Canada's British Colombia blueberry season is getting underway several weeks later than in 2016, due to some inclement spring weather and a cool start to the summer, growers report.
Although packouts have increased on average around 6.5 per cent the last two years, with a record 77,000 tonnes shipped in 2016, this year’s production is anticipated to be down somewhat in volume due to the pre-season weather.
Berry sizing is also expected to be slightly smaller in diameter compared to last year, which may be responsible for the reduced packout. However, fruit quality is reported to be excellent.
“We’re starting with our first ocean shipments to Asia tomorrow; fruit quality is quite strong at the moment,” Rick Chong of Sutherland Produce said on 21 July.
Weather permitting, Chong expects the British Columbia harvest to run through mid-September, with shipments continuing with storage fruit well into October.
In the last two years, British Columbia gained market access for its fruit in both China and South Korea. According to the British Columbia Blueberry Council (BCBC), approximately 3m lb (1,361 tonnes) were shipped to the Chinese mainland in 2016, which was the first full season of exporting to that country following up on trial shipments the year before.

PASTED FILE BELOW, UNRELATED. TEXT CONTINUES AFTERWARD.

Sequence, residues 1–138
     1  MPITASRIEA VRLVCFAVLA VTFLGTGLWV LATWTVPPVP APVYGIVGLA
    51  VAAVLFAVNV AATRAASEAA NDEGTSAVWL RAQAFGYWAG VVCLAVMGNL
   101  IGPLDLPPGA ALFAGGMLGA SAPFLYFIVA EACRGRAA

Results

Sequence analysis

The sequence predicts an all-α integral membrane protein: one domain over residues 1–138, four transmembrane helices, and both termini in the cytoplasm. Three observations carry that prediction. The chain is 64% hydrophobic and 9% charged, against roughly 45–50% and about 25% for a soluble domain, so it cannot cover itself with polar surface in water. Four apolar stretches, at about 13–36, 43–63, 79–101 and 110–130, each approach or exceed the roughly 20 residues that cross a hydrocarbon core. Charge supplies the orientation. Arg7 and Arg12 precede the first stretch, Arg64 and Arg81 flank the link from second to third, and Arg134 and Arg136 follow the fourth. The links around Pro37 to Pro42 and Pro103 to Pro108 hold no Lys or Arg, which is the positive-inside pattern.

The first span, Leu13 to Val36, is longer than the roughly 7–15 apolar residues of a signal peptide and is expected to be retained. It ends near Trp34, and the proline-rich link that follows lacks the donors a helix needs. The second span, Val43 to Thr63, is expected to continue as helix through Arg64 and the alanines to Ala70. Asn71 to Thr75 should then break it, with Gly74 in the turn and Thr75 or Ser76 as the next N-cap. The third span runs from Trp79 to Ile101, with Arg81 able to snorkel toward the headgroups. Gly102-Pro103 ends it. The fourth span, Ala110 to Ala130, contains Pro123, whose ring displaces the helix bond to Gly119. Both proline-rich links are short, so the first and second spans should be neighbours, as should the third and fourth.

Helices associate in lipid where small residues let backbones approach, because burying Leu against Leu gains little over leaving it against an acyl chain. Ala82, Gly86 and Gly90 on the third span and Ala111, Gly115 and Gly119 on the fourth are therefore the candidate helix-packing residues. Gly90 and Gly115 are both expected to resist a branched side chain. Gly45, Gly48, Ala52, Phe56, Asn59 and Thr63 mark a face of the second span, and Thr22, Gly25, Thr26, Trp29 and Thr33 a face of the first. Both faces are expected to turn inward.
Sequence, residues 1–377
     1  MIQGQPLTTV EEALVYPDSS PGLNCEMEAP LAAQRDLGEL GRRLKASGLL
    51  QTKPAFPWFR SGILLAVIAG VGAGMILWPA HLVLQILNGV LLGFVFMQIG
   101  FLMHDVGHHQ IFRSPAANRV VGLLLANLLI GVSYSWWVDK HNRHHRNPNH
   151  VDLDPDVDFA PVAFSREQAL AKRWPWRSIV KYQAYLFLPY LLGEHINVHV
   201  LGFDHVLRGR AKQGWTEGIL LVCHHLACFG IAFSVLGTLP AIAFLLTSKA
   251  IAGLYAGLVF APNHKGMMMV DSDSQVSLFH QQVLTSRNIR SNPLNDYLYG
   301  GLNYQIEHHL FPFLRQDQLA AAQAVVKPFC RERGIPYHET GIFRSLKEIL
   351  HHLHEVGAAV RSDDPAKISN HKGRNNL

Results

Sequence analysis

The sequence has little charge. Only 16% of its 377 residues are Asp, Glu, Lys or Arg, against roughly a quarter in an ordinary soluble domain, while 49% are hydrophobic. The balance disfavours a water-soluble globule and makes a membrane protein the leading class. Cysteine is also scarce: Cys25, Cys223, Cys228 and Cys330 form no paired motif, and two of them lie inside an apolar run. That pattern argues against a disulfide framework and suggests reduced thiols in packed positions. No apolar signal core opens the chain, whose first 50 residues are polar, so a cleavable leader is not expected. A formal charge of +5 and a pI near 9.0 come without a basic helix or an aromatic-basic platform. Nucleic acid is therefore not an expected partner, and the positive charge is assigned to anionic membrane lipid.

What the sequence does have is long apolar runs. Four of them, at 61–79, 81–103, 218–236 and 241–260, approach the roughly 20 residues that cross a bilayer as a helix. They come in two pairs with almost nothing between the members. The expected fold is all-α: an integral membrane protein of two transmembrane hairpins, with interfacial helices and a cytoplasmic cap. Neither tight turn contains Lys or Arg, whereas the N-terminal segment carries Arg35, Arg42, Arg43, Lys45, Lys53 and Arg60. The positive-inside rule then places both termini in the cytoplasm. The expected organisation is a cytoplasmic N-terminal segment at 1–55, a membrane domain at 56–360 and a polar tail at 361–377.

The BCBC anticipates that the Chinese market could be a CA$65m market in future seasons. No shipment data from 2016 were available for the South Korean market.
Grown predominantly in the Fraser Valley near Vancouver, British Columbia’s 700-plus growers produce approximately 96 per cent of Canada’s highbush blueberries annually on 11,000ha, making it the country’s largest fruit export.